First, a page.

Gravatar for Buster Davis
    Buster Davis 3 months ago

    Andy, can you provide a copy of your script showing the part for using the ISO instead of the download


    Gravatar for Andy Begeman
    Andy Begeman 3 months ago

    Sure, for the file-less basically had Kaseya copy the ISO off the file server into the kworking directory using the below script then run a power shell scipt to mount the ISO and run with relevant parameters:

    Script:

    Sure, for the file-less basically had Kaseya copy the ISO off the backup server using the below script then run a power shell:

    For the file less:

      <Procedure name="Windows Upgrade (UNC) Jersey 1809" treePres="3" id="2142470099" folderId="555542968285988" treeFullPath="myProcedures - xxx@xxx.com.Windows 10 Upgrade">

        <Body description="">

          <Statement name="GetVariable" continueOnFail="false">

            <Parameter xsi:type="EnumParameter" name="VariableType" value="Prompt" />

            <Parameter xsi:type="StringParameter" name="SourceContent" value="Type &quot;True&quot; to ensure a backup or restore point of the endpoint was performed" />

            <Parameter xsi:type="StringParameter" name="VariableName" value="test" />

          </Statement>

          <If description="">

            <Condition name="CheckVariable">

              <Parameter xsi:type="StringParameter" name="VariableName" value="#test#" />

              <Parameter xsi:type="EnumParameter" name="Condition" value="Equals" />

              <Parameter xsi:type="StringParameter" name="Value" value="True" />

            </Condition>

            <Then>

              <Statement name="ExecuteShellCommand" continueOnFail="false">

                <Parameter xsi:type="StringParameter" name="Command" value="robocopy /xc /xn /xo \\fileserver\Upgrade\  c:\kworking" />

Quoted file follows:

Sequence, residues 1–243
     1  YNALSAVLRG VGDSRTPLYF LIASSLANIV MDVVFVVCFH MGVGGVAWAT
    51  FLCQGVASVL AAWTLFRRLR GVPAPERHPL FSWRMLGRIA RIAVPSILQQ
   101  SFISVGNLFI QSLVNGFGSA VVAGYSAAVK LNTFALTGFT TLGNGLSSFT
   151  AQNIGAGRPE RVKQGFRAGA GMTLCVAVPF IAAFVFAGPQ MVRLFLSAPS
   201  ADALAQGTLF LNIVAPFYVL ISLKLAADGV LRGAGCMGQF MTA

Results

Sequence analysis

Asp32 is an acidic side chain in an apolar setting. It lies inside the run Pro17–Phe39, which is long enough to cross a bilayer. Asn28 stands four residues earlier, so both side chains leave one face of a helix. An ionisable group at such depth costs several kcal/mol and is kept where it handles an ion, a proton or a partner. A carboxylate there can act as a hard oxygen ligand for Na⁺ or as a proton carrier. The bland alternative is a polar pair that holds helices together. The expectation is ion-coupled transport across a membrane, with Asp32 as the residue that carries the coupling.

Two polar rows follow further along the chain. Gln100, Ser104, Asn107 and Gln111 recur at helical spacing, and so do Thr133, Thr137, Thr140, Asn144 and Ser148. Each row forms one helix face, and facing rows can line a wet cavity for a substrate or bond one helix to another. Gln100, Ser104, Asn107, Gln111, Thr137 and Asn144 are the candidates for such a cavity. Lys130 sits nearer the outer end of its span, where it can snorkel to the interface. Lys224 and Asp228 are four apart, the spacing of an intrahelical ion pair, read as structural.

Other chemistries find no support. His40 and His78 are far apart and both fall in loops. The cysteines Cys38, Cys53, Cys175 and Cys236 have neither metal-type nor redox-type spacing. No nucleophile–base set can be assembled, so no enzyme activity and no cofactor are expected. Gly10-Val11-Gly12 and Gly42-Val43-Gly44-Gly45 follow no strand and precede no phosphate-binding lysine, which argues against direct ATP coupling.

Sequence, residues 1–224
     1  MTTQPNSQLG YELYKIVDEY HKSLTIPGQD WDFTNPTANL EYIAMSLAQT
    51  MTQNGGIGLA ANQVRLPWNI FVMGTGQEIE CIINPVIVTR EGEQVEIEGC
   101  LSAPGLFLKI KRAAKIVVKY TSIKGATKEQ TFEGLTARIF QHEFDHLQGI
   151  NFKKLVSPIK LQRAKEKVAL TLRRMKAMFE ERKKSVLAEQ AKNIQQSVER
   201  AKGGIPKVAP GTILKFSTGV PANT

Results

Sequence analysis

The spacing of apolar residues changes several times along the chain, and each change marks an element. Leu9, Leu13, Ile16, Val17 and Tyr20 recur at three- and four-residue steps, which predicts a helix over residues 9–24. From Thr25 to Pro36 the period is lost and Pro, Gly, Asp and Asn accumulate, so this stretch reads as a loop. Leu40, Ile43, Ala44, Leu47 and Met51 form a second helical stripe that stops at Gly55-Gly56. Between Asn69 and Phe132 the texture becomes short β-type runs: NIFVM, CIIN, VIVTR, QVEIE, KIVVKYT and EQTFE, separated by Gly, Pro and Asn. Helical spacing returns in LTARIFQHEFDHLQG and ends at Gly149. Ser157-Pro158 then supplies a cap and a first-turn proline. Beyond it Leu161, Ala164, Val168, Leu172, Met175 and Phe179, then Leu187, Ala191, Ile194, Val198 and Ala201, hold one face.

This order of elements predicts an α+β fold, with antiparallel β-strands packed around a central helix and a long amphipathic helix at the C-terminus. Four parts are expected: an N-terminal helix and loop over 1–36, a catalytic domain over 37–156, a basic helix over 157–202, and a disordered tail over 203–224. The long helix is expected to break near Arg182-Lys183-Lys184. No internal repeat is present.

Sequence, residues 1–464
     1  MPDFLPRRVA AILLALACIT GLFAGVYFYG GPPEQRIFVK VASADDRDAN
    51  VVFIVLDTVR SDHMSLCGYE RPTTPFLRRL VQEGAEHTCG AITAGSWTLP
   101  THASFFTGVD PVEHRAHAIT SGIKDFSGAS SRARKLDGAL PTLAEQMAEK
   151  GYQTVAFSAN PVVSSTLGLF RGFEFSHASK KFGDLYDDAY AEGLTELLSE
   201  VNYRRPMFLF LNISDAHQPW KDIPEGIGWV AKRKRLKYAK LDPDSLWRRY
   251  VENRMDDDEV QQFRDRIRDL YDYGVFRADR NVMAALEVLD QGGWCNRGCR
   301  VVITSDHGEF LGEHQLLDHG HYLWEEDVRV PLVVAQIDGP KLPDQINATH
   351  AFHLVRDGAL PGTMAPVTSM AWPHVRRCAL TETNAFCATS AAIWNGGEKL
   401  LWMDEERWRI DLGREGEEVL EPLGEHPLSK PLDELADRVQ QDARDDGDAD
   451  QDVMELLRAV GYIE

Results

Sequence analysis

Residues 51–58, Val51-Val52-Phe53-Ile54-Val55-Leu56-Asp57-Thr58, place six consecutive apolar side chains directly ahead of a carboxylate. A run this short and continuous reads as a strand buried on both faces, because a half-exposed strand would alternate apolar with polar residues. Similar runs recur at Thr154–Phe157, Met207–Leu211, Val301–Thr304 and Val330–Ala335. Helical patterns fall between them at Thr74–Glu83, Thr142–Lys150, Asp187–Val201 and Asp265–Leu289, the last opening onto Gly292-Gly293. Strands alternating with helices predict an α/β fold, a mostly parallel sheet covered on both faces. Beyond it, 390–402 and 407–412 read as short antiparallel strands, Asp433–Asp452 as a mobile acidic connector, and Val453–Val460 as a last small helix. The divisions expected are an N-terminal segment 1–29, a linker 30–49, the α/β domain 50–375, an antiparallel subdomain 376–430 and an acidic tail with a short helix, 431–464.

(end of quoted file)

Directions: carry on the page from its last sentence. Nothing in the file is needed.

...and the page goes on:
<Parameter xsi:type="EnumParameter" name="ExecuteAccount" value="System" />

                <Parameter xsi:type="BooleanParameter" name="Is64Bit" value="False" />

              </Statement>

              <Statement name="Execute Powershell Command (64-bit, Run As System)" continueOnFail="false">

                <Parameter xsi:type="StringParameter" name="Parameter1" value="c:\kworking\upgrade.ps1" />

                <Parameter xsi:type="StringParameter" name="Parameter2" value="" />

                <Parameter xsi:type="StringParameter" name="Parameter3" value="False" />

              </Statement>

            </Then>

          </If>

        </Body>

      </Procedure>

     

    PowerShell Script:

    $mountResult = Mount-DiskImage C:\kworking\Windows1809.iso -PassThru

    $driveLetter = ($mountResult | Get-Volume).DriveLetter

    $setup = join-path -path ${driveletter}: -childpath setup.exe

    & $setup /quiet /auto upgrade /Compat IgnoreWarning /DynamicUpdate disable /CopyLogs C:\kworking\w10updatelog.log

     

     

    For the File less Script I had to use a link from the Microsoft website. It expires after 24 hours so the below won’t work. To get the URL you need to log on in to the download site in compatibility view as a non windows device (e.g Ipad) Then you are able to copy and use the full link. There are plenty of tutorials online how to do this.  In the future I’m going to upload the ISO to a FTP server and have our clients download from there as using this method meant i had t change link every night!

    <?xml version="1.0" encoding="utf-8"?>

    <ScriptExport xmlns:xsi="http://www.w3.org/2001/XMLSchema-instance" xmlns:xsd="http://www.w3.org/2001/XMLSchema" xmlns="http://www.kaseya.com/vsa/2008/12/Scripting">

      <Procedure name="Windows Upgrade (Fileless) 1809" treePres="3" id="1068905976" folderId="555542968285988" treeFullPath="myProcedures - xxx@xxx.com.Windows 10 Upgrade">

        <Body description="">

          <Statement name="GetVariable" continueOnFail="false">

            <Parameter xsi:type="EnumParameter" name="VariableType" value="Prompt" />